Two (or three, if you squint) dance movies scored big over the weekend: Michael Jackson’s last stand “This Is It” continued to score overseas with $29 million; meanwhile, in New York, Frederick Wiseman’s documentary “La Danse” took in $21,000 in one weekend, better than any per-screen average in the U.S. box office (save, predictably, $100,000/screen for “Precious”), and Maureen Dowd felt the need to write a totally pointless column about “The Red Shoes” — playing alongside “La Danse” at New York’s Film Forum — and when I saw it on Saturday, it was about ten seats away from being sold out. So maybe her column wasn’t that pointless.
This, I’d submit, seems like a weird weekend coincidence, but isn’t really. Though I presume this has nothing to do with a voracious Wiseman fanbase suddenly manifesting itself, the promise of coordinated dancing holds great appeal. Consider that broadcast TV networks survive upon reality shows now, especially ones where “talent” rules supreme. We live in a nation where — thanks to “America’s Got Talent,” “So You Think You Can Dance” and “American Idol” — not only has the basic vaudeville format been revived, so has the idea of paying to see one thing done well. The musical was noisily and publicly “revived” this decade — thanks to the stillborn likes of “Moulin Rouge” and “Chicago” — but none of the revivalist musicals really have focused on unmediated dancing.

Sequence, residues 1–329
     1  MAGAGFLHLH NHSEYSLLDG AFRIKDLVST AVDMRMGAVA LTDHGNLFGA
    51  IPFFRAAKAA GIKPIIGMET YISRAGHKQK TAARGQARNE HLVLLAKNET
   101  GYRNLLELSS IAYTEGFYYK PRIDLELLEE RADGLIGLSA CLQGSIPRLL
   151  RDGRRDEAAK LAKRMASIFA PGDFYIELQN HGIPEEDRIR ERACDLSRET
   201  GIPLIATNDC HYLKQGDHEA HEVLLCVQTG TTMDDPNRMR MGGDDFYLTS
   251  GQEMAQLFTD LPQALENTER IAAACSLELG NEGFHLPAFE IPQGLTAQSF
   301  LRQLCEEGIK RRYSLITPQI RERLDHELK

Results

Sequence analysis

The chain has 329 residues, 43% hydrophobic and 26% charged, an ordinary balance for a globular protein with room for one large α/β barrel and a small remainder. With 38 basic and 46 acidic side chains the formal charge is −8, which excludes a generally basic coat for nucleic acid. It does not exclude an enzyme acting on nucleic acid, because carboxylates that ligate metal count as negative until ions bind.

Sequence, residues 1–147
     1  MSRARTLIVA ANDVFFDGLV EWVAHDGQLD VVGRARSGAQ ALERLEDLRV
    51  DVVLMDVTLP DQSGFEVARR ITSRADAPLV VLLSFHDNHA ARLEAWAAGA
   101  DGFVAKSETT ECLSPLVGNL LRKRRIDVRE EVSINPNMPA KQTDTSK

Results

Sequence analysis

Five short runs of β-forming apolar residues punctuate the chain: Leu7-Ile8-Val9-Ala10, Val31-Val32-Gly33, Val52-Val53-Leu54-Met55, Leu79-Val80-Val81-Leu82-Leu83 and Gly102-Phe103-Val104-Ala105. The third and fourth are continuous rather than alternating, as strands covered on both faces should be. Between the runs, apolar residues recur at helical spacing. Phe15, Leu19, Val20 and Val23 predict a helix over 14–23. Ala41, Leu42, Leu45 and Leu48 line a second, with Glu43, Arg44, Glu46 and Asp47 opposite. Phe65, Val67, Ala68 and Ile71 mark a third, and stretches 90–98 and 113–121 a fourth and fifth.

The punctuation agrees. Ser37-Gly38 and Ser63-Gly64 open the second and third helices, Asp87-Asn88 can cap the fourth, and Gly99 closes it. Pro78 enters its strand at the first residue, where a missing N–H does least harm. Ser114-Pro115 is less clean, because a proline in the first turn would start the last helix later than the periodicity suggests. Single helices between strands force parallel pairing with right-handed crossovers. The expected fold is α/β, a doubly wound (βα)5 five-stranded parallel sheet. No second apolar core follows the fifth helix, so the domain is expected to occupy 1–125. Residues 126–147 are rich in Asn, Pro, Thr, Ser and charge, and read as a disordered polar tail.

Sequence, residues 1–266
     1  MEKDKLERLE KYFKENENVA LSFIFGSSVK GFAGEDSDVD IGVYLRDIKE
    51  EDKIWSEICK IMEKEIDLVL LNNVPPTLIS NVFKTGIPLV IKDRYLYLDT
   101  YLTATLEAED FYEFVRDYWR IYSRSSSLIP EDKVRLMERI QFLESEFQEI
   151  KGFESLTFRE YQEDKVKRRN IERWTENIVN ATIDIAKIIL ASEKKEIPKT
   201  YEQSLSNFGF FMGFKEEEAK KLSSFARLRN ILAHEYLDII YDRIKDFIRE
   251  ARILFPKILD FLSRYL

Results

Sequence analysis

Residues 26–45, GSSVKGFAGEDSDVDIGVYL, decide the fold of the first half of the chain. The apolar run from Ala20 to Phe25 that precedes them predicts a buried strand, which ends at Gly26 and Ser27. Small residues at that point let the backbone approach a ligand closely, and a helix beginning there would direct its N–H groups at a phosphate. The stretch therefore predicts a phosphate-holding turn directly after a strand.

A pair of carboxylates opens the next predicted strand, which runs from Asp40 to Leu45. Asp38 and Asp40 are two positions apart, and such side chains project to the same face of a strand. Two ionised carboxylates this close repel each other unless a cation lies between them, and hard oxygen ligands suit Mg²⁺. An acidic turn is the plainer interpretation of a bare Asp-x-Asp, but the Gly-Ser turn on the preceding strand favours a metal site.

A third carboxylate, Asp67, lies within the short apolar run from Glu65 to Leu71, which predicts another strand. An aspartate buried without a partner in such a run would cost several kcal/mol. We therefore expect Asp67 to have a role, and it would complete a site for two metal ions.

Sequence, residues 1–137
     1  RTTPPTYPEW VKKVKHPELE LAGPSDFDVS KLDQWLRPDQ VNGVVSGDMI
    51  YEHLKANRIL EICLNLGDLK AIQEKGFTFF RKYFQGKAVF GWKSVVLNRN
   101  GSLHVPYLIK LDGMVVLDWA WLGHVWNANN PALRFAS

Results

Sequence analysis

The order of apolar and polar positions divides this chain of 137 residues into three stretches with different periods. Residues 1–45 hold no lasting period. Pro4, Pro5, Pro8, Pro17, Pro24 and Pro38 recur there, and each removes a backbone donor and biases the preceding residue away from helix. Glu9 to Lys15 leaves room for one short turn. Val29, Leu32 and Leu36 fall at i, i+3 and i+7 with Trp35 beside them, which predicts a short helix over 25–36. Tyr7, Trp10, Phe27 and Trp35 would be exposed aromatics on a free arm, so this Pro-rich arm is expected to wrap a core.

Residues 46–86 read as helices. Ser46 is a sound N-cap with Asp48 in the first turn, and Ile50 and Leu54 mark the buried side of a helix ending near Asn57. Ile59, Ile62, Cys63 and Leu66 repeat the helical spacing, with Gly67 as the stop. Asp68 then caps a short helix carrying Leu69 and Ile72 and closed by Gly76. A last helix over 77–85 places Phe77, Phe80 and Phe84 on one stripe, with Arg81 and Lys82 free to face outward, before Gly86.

American viewers are, whatever studios think, not really invested in “production values,” etc. — witness the recent success of “Paranormal Activity.” Granted, the freak twin-dance-movie success of “La Danse” and “The Red Shoes” is confined to the same theater (Film Forum) so far, but I don’t think it’s anomalous; I’m pretty sure that when movies like “You Got Served” and “Stomp The Yard” can make money for their dance sequences alone, TV’s dance craze might translate into a new kind of dance-fixated movies — not necessarily in traditional musical song-and-dance terms, but in movies explicitly privileging dance. The big dance movies so far have been “urban,” but I think that’s a fluke. As long as it delivers the core thing (dance, shocks, whatever), ninety minutes of well-filmed dancing will be as successful as much as anything else.
[Photo: “The Red Shoes,” MGM, 1948.]